My husband is 59 and I am 58. We own our home outright and have no debt. Since we are getting close to retirement, we are concerned about another dive in the stock market. We have discussed with an advisor how much we will need in retirement to last (with social security) 30 years. That figure is $850,000. If we put all our money into 5-year IRA CDs yielding 2.25%, for the next 8 years, we will make the goal with over $100,000 to spare. My question is why is this a bad idea? We live simply, don’t travel, etc. Our advisor says this is a bad idea and wants us in half and half bonds and stocks. What do you think? We would really sleep better knowing our money is safe.
Thanks so much for any advice you can give me on this.
Terry Says: Well, that’s the dilemma of all pre-retirees. And it’s a false assumption that putting all your money into “safe” investments will cover the cost of your retirement. Think about it this way: Inflation has averaged 3 percent for the past nearly 100 years. (Of course, there have been times of much higher inflation — think back to the late 1970s — and times, like now, of lower inflation.) But even at “average” inflation of only 3 percent, the buying power of your money will be cut in half in only 25 years! And surely at your current age, your life expectancy is more like 30 years!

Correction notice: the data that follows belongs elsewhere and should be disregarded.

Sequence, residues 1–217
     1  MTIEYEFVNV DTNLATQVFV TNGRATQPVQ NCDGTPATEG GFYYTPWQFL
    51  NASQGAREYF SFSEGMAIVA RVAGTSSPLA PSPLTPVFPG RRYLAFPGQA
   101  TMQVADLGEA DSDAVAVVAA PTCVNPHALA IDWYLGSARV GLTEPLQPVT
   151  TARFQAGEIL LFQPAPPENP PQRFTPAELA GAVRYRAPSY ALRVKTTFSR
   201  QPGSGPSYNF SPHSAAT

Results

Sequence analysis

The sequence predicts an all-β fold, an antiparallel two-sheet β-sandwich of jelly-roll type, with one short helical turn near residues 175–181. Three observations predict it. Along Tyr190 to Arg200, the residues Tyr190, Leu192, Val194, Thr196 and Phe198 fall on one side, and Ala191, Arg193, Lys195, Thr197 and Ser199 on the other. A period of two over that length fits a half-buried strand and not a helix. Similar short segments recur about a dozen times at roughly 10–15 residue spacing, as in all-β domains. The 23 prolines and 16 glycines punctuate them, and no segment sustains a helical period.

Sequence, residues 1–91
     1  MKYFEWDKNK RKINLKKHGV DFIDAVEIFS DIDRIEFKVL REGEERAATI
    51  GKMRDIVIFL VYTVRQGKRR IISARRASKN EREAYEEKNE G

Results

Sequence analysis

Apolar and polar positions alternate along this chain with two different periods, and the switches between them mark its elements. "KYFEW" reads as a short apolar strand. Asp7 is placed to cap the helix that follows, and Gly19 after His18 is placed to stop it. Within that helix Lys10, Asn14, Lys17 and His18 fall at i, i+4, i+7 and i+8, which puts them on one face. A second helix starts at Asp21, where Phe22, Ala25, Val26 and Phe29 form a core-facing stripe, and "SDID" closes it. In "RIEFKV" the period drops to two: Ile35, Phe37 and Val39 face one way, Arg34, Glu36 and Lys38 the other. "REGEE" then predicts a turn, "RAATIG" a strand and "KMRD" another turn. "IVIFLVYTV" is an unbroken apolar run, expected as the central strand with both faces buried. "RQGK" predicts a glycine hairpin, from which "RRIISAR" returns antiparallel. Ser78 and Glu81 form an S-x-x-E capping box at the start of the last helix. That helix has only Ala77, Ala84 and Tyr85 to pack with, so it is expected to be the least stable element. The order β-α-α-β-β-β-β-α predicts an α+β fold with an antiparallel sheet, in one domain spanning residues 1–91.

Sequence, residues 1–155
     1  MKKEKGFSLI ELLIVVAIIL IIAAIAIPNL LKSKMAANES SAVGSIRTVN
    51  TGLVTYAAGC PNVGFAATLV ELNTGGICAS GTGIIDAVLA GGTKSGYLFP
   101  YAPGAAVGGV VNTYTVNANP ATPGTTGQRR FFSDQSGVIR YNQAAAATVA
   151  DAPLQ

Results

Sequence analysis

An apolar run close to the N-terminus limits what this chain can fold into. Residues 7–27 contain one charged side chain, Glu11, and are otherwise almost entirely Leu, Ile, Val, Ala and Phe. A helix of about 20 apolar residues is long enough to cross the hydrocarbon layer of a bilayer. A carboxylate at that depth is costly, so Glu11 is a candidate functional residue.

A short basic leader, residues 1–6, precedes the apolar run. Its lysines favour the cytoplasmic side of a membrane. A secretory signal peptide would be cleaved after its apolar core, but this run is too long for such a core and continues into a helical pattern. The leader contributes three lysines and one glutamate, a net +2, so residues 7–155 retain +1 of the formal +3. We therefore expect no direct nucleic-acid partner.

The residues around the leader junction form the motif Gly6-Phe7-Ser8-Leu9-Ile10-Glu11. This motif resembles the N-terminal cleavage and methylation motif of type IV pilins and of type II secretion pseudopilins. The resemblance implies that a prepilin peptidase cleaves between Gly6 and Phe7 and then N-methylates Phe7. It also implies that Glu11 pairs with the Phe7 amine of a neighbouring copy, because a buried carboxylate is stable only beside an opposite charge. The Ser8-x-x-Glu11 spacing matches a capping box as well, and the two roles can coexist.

Over the long run, stocks have beaten inflation in every 20 year period (with dividends reinvested). So having some portion of your money in stocks helps offset that risk of loss of buying power. The real question is the “balance” of those investments. I’m not sure that “half” of your money in “bonds” is the right balance — but you might want to get a second opinion, based on a realistic look at your assets, your goals, and your risk tolerance. I highly recommend a free program that T. Rowe Price offers, where you go through a “monte carlo” analysis, not on the website but working with a certified financial planner. Do it, and then compare the advice you receive from them with advice from your planner. At the very least, you’ll have a better understanding of the risks that come with “safety” as opposed to the risks that come with investing!
(And if you’re very nervous, you can sell some of your stocks –assuming no tax consequences inside a retirement account — and keep more money liquid until you finish this process.)